2. a few quick things:

    1. yep, you’re right, I missed constructing femme (and other identities) via the body + sexuality. big category, very worth mentioning.

    2. people were absolutely talking about this at the femme conference

    3. I think you’re also right that theory falls in the category of language; obviously you need language in order to use theory, but you don’t necessarily need theory in order to use language as a construct of identtiy, which is why I separated them.

    4. I definitely don’t think femme is ONLY defined in relation to butch, but for many people – myself included – there is a factor of the ways that femme + butch interact that enhances and increases my butchness in new ways. my own butchness didn’t quite make sense to me until I finally was in contrast and in friction with a femme. and *that’s* what I mean about the identities being in relation to each other. they don’t necessarily depend on each other, femmes & butches are not necessarily reliant upon each other for identity construction, but for some people that’s a key point to their identity development.

    More about this on sugarbutch later. thanks for the comment + addition of ideas!

  3. Do you define femme in relation to butch?

    the problem with that, to me, is that it relegates femme to relationships. if femme is defined by (with) butch, what am i when i’m out alone? my personal experiences says that i’m still femme even if the girl i’m fucking is too. and that thinking a femme is hot doesn’t change my gender (after all, i am still a girl although i like girls!)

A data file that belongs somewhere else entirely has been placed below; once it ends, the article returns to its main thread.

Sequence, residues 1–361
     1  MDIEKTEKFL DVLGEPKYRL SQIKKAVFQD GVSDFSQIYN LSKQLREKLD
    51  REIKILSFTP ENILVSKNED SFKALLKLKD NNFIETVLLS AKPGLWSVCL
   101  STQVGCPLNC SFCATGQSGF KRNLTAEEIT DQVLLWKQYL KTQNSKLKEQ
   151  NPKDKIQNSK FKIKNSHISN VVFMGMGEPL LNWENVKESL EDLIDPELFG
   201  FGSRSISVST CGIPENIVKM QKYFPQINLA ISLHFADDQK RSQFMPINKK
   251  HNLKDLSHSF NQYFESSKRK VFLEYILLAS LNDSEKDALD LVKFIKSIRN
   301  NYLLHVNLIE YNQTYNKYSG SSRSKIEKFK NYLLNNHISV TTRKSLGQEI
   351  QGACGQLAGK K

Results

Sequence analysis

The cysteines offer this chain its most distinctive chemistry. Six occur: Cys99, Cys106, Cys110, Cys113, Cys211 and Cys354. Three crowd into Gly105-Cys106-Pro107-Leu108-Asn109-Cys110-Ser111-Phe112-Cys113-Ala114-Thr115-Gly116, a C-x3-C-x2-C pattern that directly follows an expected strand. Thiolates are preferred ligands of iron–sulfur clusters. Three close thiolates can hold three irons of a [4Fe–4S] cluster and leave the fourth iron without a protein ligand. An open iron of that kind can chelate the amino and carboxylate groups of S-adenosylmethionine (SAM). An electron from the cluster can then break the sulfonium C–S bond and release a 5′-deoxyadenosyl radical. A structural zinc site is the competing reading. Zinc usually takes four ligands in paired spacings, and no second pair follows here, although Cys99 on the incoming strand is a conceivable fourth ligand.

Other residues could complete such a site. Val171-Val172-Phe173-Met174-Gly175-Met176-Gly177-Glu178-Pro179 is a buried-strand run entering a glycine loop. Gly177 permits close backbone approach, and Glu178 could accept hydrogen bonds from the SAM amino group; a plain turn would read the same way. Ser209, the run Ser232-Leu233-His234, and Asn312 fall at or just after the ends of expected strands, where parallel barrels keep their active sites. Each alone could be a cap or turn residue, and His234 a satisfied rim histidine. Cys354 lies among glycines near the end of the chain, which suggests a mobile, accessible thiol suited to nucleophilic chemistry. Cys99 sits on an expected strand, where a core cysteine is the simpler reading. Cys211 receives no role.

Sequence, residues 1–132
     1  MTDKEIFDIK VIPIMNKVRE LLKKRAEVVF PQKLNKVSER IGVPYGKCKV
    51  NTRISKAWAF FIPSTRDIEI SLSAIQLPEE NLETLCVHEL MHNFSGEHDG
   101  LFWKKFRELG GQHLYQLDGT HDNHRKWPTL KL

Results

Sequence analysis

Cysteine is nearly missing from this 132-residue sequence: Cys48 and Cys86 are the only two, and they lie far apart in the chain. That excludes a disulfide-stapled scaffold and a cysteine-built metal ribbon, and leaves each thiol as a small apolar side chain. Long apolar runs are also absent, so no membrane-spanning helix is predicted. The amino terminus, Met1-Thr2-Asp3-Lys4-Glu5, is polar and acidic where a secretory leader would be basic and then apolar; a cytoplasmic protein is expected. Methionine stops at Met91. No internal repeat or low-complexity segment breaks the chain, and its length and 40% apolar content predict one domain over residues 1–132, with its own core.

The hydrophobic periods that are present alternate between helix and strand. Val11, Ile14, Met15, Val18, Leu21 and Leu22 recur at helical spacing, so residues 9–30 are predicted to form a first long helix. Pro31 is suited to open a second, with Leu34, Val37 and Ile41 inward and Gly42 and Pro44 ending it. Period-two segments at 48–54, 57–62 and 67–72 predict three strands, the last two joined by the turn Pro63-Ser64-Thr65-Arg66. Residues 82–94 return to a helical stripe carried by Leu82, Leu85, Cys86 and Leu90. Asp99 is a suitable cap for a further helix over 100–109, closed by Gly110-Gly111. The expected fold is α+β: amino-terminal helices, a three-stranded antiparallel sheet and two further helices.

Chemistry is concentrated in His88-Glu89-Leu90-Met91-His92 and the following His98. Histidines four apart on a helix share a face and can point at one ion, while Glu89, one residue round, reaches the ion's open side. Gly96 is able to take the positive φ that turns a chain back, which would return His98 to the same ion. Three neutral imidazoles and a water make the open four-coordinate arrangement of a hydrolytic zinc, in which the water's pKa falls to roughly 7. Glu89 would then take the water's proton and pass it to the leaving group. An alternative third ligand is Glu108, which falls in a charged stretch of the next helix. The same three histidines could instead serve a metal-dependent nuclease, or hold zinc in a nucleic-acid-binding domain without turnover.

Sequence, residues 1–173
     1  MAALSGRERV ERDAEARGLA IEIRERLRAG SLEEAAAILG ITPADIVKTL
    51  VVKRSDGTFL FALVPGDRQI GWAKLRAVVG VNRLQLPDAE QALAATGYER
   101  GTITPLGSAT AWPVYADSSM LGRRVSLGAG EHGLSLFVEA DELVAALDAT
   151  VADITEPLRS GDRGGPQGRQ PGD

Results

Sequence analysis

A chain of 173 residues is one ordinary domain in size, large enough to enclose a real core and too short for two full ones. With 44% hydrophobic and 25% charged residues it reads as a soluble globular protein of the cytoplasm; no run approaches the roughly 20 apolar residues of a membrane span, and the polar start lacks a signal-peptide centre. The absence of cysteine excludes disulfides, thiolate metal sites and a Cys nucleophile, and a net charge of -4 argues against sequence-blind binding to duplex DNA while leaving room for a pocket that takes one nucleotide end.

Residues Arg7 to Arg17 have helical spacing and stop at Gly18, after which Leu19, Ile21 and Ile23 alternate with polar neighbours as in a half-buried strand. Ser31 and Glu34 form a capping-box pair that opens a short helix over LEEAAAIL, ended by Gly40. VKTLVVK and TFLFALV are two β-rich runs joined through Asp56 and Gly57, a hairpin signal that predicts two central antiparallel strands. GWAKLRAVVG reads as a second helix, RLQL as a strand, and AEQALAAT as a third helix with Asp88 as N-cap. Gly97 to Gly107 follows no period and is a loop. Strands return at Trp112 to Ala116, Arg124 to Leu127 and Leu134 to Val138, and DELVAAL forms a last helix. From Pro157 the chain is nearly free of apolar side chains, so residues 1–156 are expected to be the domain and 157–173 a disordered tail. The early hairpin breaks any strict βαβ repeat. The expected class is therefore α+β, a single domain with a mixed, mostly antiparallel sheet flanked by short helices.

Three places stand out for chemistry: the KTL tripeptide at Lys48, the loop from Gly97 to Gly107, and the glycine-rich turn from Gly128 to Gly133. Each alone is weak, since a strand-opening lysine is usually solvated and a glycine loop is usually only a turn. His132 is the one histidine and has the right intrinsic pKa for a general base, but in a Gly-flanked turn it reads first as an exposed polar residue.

while i do not think femme and butch define each other, i do think they mesh exceptionally well (for me, at least), and i can’t see myself dating a feminine woman. i can certainly imagine doing a lot of other fun things, but there is something very different about a girlfriend relationship that just makes more sense to me with a butch (i’m also more comfortable being more feminine with a butch than alone).

    How are sexual pleasure, your body, and your desires a part of your identity as a femme?
    i think a major part of being femme is being comfortable in my female body. an absolute necessity, in fact. maybe because i spent so long just hating the femininity that grew into my body, not knowing how to deal with it, and being embarrassed by it. and there’s a hell of an empowerment to feeling like it’s their problem, not mine, when someone is an asshole/prude/whatever about or because of my body (not that i can always feel that way).

  4. Do you define femme in relation to butch?